So, excuse me if I sound like I have just discovered the Mormon Gold plates, or Moses’s stone tablets, but the missing link in orthopedic manual physical therapy has come to me in the form of a bunch of fine filament needles. Known in lay person and Traditional Chinese Medicine parlance as Acupuncture needles, these tiny thin pieces of pointy metal hold the key to transforming my own, and no doubt, the entire physical therapy profession. Dry needling, aka trigger point needling, is simply put, the bomb.
My personal history of interest in these implements goes back to old running injuries, and my quest to avoid surgery on my chronically tendinopathic IlioTibial Band. All along, from the onset of cramping, through the pain and limping, I felt that I needed something stuck into my thigh to energize or release something. I tried orthotics, different sneakers, Acupuncture, prolotherapy, injections of cortisone and painkillers, ART and Graston technique. I resorted to prayer, lighting candles, a Medrol dose pack and Reiki. I blamed the alignment of the stars and Jupiter. Eventually, the MRI showed a tendon essentially glued to the bone, devoid of a bursa, no inflammatory reactivity; deep bone bruises despite being almost non-weight bearing for months. Much research and surgeon-hopping led me 360 degrees back to my orthopedist. I had to resort to getting a scalpel to do the job, and to be fair, Dr. Hubbell did some magic, returning me not just to running, but to a full road cycling career in the Pro-1-2 Women’s field, multiple years racing cyclocross at local and national level, and All-American triathlon success. Continued weekly strength training with Ed’s TRX boot camp has helped me maintain a more global approach to fitness, and a new perspective on tendinopathy.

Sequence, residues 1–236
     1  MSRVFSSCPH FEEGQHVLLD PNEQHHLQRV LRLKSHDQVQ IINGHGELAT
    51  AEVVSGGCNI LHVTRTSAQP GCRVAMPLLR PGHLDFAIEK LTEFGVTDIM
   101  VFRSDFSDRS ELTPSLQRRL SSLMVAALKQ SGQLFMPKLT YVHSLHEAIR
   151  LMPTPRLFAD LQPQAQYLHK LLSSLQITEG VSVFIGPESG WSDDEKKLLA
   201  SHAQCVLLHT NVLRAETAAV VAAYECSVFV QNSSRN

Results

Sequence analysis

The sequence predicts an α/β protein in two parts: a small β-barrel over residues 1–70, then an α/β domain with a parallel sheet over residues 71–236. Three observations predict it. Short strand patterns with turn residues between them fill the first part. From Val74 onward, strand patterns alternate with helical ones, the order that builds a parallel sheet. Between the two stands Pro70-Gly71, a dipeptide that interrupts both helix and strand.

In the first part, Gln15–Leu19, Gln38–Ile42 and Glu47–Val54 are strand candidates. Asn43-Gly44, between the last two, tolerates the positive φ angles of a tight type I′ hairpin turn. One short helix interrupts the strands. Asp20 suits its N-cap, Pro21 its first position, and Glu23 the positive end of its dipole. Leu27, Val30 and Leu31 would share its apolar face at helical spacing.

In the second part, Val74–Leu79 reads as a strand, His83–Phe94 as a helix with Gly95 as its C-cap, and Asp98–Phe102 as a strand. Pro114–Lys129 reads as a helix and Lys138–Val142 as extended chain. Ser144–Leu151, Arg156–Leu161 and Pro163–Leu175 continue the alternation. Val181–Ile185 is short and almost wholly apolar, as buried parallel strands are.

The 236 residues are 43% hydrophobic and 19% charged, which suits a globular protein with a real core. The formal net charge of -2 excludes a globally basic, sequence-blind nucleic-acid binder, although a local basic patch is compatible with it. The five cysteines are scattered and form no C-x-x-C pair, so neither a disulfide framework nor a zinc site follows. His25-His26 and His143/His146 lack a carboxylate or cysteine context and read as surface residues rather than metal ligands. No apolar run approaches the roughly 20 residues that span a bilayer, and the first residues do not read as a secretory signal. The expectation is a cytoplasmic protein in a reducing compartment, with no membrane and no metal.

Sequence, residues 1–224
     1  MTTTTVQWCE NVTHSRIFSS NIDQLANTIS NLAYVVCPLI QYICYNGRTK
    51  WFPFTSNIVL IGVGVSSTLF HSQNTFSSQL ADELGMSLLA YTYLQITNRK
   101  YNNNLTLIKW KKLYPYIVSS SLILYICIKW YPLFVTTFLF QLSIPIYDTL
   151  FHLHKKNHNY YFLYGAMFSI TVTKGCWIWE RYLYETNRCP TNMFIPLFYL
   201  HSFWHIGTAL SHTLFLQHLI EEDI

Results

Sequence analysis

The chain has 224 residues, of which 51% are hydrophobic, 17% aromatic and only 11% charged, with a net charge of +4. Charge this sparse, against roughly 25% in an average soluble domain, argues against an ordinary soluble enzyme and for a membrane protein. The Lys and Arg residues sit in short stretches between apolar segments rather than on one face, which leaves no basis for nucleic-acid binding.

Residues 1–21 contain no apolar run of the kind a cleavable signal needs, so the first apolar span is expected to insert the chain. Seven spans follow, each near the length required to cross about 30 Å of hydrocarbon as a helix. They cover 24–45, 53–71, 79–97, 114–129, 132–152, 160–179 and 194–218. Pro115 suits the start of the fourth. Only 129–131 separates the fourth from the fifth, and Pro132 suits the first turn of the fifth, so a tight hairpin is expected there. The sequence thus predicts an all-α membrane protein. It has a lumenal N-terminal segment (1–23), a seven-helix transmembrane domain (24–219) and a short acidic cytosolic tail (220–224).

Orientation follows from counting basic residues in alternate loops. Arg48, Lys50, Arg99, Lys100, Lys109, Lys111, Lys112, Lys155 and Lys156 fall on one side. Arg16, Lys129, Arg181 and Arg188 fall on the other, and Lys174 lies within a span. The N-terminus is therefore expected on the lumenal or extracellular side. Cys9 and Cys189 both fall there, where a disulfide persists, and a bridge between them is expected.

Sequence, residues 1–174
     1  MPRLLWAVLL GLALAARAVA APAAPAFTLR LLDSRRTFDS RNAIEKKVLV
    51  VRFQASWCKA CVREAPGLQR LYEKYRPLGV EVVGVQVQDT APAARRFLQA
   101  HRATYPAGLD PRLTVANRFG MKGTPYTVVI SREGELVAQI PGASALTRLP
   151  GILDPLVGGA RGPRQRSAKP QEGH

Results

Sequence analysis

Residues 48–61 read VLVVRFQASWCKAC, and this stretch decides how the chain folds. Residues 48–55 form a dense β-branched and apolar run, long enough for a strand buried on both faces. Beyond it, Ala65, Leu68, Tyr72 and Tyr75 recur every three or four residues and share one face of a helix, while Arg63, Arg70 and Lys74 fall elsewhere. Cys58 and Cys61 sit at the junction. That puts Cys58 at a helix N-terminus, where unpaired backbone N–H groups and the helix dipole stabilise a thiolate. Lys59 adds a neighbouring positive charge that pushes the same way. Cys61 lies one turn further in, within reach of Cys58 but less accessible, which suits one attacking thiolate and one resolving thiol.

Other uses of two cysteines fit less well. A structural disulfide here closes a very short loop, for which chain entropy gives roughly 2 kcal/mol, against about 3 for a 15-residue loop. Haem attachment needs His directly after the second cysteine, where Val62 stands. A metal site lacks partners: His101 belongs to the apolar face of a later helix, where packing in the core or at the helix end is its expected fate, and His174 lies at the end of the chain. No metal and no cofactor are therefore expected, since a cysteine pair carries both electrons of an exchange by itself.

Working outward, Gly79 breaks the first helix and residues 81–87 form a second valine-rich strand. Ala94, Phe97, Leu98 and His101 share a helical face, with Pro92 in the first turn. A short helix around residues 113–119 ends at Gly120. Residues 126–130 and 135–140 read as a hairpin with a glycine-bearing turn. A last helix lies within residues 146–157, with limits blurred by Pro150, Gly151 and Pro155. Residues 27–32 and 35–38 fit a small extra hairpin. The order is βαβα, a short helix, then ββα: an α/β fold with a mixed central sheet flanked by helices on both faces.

As a course requirement for my Ph.D. program at Rocky Mountain University of Health Professions, I was required to write a white paper on a clinical aspect of our PT profession: I chose dry needling, since my interest was still piqued, years after surgery. I had my eye down the road on an acupuncture certification, way down the road, since this PhD was now in its 3rd year, (and is still looking like 2 more ahead), but those needles were still fresh in my mind. In the course of my studies, I had been reading a lot about the injection of growth factors, of platelet- rich plasma, of autogenous blood products, used in the quest to heal and regenerate injured tissue. It seemed like those needles needed to get deeper, to irritate the tissue more, in order to provoke healing. My keyboard was on fire, the paper was inspired, and I scored an “A” for the coursework. I submitted it, and was accepted for publication in one of my professional journals, to my delight, and the applause of my Graduate Program Director. One down, many more to come, she told me.
Professional education courses abound in orthopedic manual physical therapy, and over the years I bounced from guru to guru, from the Australians, through the Brits, to the Canadians, achieving my APTA Orthopedic Certified Specialist letters, but still feeling like I was missing a key skill. I brushed up on spinal manipulation, refreshed biomechanical evaluations, learned motion analysis, and helped established cycling and running analysis clinics. I was getting my patients back to sports, quicker, but felt like I could still do better. Was I being too type-A or was there really more that I could offer?